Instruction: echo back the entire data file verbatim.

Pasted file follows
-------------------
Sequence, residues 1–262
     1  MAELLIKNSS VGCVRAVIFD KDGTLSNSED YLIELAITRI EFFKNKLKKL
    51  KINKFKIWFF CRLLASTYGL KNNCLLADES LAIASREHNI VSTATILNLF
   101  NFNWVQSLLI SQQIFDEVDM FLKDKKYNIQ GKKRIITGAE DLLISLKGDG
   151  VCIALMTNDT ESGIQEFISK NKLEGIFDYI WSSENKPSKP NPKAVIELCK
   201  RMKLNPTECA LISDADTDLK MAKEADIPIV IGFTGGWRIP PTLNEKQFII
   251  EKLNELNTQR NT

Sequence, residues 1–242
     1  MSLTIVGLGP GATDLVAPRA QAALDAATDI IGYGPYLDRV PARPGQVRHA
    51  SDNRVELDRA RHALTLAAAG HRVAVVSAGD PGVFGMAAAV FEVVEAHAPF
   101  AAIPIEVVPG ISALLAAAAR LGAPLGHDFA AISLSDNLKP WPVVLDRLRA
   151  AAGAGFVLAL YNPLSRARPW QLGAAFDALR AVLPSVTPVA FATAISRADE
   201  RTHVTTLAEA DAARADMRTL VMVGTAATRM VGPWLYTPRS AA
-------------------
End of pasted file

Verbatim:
Sequence, residues 1–262
     1  MAELLIKNSS VGCVRAVIFD KDGTLSNSED YLIELAITRI EFFKNKLKKL
    51  KINKFKIWFF CRLLASTYGL KNNCLLADES LAIASREHNI VSTATILNLF
   101  NFNWVQSLLI SQQIFDEVDM FLKDKKYNIQ GKKRIITGAE DLLISLKGDG
   151  VCIALMTNDT ESGIQEFISK NKLEGIFDYI WSSENKPSKP NPKAVIELCK
   201  RMKLNPTECA LISDADTDLK MAKEADIPIV IGFTGGWRIP PTLNEKQFII
   251  EKLNELNTQR NT

Sequence, residues 1–242
     1  MSLTIVGLGP GATDLVAPRA QAALDAATDI IGYGPYLDRV PARPGQVRHA
    51  SDNRVELDRA RHALTLAAAG HRVAVVSAGD PGVFGMAAAV FEVVEAHAPF
   101  AAIPIEVVPG ISALLAAAAR LGAPLGHDFA AISLSDNLKP WPVVLDRLRA
   151  AAGAGFVLAL YNPLSRARPW QLGAAFDALR AVLPSVTPVA FATAISRADE
   201  RTHVTTLAEA DAARADMRTL VMVGTAATRM VGPWLYTPRS AA